Social media. It’s one of those things you like or hate. For me, I really like it. Using tools like Twitter, Facebook, LinkedIn, and Meetup have allowed me to meet a slew of people in a relatively short time. As many of you know, I moved out here just over a year ago. The first 6 months I split between Las Vegas and Montreal, so I never really got to know that many people outside my group of friends at work or through existing Vegas connections.
Once I finally got of the road for a bit, I used Meetup to find groups of interest in the area. I ended up meeting John Hawkins and the Black Diamond Digital crew on a First Fridays meetup. That led to Twitter connections, which led to attending WordCamp Las Vegas, and the creation of Beer and Blog Las Vegas. Social media allowed me to find these people, and get to know them a bit before meeting them face to face. I’m a fairly shy person by nature, and wouldn’t normally introduce myself to complete strangers. I’ve met some really nice people — Manya, Lori, John, Chris, Bill, and so many others — that I feel like I have a group of friends compiled in 6 months compared to the 10 years it took in Orlando without social media. Living in Vegas also afforded me the opportunity to attend some really cool events like the CES parties (Thanks, Robert Scoble and Dustin Wax), Twestival (okay, the one I attended was in Montreal — another social media story — but I would’ve attended the Vegas one had I been here!), and the Monster Vegas Tweetup (Thanks, Scott).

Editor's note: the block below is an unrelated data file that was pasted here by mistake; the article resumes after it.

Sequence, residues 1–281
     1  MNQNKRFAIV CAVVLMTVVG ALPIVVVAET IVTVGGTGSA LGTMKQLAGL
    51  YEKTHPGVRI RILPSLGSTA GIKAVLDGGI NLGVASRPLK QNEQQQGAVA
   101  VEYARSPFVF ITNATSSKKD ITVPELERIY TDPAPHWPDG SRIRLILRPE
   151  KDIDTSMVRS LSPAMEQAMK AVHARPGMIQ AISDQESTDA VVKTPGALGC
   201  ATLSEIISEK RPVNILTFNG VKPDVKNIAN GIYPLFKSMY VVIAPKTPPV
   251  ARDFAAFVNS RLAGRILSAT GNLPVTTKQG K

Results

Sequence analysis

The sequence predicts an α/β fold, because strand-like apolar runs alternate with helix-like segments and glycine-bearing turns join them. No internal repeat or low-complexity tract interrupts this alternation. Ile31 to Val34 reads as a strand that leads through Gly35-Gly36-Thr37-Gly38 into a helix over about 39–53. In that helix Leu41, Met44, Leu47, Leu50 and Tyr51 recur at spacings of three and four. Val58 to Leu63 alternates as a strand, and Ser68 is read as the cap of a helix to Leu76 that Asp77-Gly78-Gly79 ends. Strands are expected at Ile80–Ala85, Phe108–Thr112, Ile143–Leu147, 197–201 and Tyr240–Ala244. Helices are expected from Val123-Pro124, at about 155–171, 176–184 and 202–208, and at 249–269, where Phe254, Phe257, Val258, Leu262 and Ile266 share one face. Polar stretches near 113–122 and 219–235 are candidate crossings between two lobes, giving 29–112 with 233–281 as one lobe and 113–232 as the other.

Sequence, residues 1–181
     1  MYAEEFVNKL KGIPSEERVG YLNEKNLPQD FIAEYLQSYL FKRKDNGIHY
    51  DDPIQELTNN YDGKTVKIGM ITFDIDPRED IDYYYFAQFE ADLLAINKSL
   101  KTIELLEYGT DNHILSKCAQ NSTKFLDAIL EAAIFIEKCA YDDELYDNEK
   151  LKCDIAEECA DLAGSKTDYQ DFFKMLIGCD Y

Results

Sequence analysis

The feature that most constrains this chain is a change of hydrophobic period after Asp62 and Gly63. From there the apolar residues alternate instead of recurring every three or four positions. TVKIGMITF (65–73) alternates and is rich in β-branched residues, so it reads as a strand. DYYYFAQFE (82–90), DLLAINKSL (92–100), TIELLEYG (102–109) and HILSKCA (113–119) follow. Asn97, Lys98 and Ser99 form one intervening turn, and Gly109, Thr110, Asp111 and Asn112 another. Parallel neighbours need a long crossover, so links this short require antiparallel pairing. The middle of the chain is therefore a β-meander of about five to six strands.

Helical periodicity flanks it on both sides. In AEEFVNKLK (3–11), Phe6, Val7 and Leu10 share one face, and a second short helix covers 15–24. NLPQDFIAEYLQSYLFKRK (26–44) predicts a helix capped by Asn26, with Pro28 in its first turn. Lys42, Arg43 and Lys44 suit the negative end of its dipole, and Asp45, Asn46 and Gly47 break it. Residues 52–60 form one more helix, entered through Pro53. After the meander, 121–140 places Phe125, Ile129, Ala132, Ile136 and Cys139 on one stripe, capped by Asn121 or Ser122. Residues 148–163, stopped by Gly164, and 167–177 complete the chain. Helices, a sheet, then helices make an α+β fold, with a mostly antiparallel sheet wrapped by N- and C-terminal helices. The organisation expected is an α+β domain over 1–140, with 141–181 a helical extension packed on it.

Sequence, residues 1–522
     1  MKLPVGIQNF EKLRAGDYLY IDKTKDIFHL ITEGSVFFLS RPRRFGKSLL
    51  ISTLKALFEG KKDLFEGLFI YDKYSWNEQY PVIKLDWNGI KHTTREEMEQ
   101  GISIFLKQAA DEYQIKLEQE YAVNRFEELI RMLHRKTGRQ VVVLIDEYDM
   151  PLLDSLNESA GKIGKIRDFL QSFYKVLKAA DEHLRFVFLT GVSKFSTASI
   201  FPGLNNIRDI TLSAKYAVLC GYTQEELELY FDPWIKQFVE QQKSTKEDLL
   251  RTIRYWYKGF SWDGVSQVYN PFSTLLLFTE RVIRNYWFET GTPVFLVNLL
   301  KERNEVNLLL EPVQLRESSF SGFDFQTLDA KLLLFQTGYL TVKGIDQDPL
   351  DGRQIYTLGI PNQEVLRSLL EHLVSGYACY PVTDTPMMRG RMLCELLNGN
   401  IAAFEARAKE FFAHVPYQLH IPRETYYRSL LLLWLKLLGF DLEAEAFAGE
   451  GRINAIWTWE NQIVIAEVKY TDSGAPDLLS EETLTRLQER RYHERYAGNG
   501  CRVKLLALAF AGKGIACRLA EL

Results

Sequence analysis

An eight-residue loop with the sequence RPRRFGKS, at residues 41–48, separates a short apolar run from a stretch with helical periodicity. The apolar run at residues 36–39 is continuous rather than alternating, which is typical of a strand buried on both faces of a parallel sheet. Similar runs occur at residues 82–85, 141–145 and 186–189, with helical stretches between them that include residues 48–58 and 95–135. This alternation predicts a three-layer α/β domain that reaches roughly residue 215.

There’s a further hunger harboured within me… the one that wants to see libraries and knowledge repositories (both private and public) become more social. Social media is another medium — a tool — to facilitate teaching and learning. There are people who may answer a work-related problem outside the immediate department. The company wiki benefits from those who created the page as well as those who maintain the item’s page. A tutor may be available to help a local student with their math studies. Co-workers in different offices thousands of miles apart could use each other’s knowledge to solve problems at their immediate location. Mao Tse-Tung is quoted as saying, “Learn from the masses, and then teach them.” Social media is designed to be an exchange mechanism, much like the telephone, only it’s main purpose is the party line.
In the same vein, though, users also need to make sure that they’re not sheep. Blindly following the crowd can lead to disappointment and causing yourself to look unintelligent in front of your peers. This is the librarian coming out in me, but information literacy is key. Today, every person online needs to be able to discern quality information from the junk. Look at it this way: the Wall Street Journal compared to the Weekly World News. Laugh if you will, but many people think that the Weekly World News is legitimate news and not sensational half-truth fiction. It’s easy to get caught up in groupthink when surrounded with like-minded people, which is the exact reason why we need to teach critical thinking to children at an early age. Sure, everyone gets duped at some point, but the severity and frequency is reduced with the knowledge of what comprises real information. We’re still figuring out the rules and norms of Social Media and the exponentially expanding web of (mis)information.